A dormant coastal preserve law had the effect of being a nationwide eminent domain seizure of beach homes, parks and firms without compensation. Libertarians rallied opposition –and got a consultative measure passed that ends the takeover while moving towards an eco-zone.
The bulldozers will not be coming to the southern Caribbean – or any other coastal community in Costa Rica for another two years.
A 24-month moratorium passed in the Legislative Assembly on Thursday evening, preventing the destruction of thousands of homes and businesses located in protected areas along the country’s coastlines. The vote passed with 35 diputados voting in favor and four voting against Law 18.440.
Approximately 90 citizens from the Caribbean towns of Puerto Viejo and Manzanilla attended the vote. Outside the assembly, they celebrated the ruling. Some dressed in traditional Afro-Caribbean garb and others beat drums as they cavorted with lawmakers who helped push the bill through congress, including Libertarian legislator Mireya Zamora and National Liberation Party member Carolina Delgado.
“We know that this is not everything,” said Johnny León, whose family has lived in Puerto Viejo since 1904. “It’s the beginning. It’s part of the process that we have to go through. And we have to keep working. But also today we can celebrate a great victory on the part of the southern Caribbean, our pueblo.”
Estimates state 300,000 people are affected by the Maritime Zone Law, which was established in 1977. The largest area of concern is in the southern Caribbean. The law does not affect construction done in the zone before 1977. However, many communities built in the area after the law came into affect. The government never seemed interested in enforcing the act until recently. Coastal residents created an uproar once neighborhoods, including schools and hotels within the zone, faced the possibility of being flattened.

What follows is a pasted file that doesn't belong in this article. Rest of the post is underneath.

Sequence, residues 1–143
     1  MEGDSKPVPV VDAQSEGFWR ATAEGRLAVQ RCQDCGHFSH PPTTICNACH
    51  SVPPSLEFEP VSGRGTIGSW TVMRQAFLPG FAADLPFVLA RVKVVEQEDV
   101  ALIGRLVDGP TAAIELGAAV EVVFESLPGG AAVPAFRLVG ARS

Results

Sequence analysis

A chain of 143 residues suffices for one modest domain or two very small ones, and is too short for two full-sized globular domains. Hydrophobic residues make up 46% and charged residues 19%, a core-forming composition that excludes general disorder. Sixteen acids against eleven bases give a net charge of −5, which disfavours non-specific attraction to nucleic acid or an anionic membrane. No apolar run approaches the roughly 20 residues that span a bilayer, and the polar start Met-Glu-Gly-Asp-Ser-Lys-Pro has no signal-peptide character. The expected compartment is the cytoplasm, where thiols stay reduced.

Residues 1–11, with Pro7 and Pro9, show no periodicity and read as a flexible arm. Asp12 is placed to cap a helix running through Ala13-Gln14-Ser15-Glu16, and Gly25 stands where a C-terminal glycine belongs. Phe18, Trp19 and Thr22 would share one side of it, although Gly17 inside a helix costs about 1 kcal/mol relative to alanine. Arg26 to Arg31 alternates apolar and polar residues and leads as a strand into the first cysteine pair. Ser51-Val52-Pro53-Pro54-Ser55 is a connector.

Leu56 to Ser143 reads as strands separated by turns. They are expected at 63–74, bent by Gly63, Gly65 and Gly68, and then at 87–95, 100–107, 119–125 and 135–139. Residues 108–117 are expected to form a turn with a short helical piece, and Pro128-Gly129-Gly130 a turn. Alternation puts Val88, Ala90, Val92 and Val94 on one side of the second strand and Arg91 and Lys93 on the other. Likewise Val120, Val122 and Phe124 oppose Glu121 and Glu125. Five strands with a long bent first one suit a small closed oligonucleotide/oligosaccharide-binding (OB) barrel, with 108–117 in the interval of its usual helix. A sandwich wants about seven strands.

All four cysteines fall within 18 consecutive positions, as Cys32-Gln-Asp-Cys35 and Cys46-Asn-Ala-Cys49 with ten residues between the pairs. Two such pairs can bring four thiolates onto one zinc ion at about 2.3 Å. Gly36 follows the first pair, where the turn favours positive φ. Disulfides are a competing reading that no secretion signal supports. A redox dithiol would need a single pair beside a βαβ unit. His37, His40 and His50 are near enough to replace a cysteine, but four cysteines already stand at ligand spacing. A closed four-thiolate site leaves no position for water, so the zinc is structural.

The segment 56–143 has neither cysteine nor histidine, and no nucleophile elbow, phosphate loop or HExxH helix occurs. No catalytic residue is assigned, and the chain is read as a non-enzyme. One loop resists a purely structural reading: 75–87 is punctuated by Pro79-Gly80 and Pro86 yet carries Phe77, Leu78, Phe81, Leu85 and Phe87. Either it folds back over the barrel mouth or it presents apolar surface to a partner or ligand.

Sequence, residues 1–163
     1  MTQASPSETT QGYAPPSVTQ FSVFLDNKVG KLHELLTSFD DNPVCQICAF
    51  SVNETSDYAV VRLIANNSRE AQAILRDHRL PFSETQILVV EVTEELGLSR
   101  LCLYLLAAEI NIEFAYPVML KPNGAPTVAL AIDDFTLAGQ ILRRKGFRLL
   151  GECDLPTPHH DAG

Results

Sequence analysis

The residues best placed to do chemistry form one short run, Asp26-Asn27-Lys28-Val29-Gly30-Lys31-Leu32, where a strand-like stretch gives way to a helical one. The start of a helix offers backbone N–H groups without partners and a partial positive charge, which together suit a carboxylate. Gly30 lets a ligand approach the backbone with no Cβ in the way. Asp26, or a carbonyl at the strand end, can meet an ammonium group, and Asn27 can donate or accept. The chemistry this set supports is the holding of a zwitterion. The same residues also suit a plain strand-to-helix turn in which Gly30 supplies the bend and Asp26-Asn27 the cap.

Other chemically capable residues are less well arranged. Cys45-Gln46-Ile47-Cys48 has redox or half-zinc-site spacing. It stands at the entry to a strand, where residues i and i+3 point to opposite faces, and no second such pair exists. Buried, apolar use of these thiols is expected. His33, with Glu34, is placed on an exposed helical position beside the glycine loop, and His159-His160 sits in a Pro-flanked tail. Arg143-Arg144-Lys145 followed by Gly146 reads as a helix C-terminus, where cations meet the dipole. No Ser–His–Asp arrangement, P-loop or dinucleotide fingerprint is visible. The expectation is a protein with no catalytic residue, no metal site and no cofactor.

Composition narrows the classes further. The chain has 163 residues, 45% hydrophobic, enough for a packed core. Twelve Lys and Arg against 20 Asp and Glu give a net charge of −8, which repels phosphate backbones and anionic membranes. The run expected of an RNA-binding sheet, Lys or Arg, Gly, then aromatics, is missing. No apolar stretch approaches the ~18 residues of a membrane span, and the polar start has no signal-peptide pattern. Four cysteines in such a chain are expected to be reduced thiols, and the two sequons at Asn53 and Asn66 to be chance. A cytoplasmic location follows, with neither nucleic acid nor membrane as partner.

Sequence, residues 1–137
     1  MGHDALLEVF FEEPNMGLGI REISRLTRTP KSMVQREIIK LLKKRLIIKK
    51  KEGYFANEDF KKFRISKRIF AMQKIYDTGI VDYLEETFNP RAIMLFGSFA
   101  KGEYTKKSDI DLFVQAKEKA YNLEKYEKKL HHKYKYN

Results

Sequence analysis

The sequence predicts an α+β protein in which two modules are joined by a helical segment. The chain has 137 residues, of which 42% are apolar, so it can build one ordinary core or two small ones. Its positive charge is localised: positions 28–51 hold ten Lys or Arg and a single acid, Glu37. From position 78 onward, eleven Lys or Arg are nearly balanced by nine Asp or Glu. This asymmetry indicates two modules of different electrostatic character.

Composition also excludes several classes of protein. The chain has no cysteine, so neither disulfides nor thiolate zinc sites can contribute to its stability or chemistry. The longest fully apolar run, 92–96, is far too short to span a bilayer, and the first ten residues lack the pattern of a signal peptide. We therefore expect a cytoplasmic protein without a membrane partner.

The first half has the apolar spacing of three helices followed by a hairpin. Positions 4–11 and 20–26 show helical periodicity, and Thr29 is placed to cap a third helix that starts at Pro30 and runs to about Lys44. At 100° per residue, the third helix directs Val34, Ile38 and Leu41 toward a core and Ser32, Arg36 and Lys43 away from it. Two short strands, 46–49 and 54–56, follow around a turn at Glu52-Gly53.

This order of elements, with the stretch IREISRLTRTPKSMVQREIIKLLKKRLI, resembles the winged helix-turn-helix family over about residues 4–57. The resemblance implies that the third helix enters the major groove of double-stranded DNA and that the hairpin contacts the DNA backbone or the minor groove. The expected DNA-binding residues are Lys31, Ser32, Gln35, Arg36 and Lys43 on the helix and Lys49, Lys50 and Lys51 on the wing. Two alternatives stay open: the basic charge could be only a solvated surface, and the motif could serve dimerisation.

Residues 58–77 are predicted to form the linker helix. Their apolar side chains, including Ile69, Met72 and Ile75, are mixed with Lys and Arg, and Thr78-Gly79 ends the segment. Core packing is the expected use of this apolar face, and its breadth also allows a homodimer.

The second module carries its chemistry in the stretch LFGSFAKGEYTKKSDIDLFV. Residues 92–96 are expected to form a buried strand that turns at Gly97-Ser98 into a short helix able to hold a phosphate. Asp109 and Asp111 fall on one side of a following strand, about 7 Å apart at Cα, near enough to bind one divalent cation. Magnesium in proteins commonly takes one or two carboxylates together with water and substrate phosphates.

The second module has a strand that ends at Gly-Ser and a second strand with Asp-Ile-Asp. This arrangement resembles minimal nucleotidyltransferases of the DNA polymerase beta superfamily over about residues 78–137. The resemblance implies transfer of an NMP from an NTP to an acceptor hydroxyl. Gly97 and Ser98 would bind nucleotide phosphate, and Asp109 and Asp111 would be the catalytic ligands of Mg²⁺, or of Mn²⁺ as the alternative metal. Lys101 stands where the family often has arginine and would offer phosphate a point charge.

The law defines all land 50 meters from the high-tide line in coastal areas as public land and prohibits construction in that zone. The area from 50 meters to 200 meters is considered restricted, but municipalities are allowed to issue concessions to certain developments.
León said it was a relief that coastal residents could work toward a compromise with the government over the next two years, while no longer worrying about the possibility of demolitions.
Jorge Molina, president of theSouthern Caribbean Tourism Chamber, thanked supporters outside the legislative building. He said the challenge only has begun. Leaders from the Caribbean and other regions affected by the Maritime Zone Law must not waste time. Those communities that have significant populations living within the maritime zone must organize and coordinate solutions with the lawmakers.
He remains optimistic that a solution can be reached before the deadline arrives in 2014.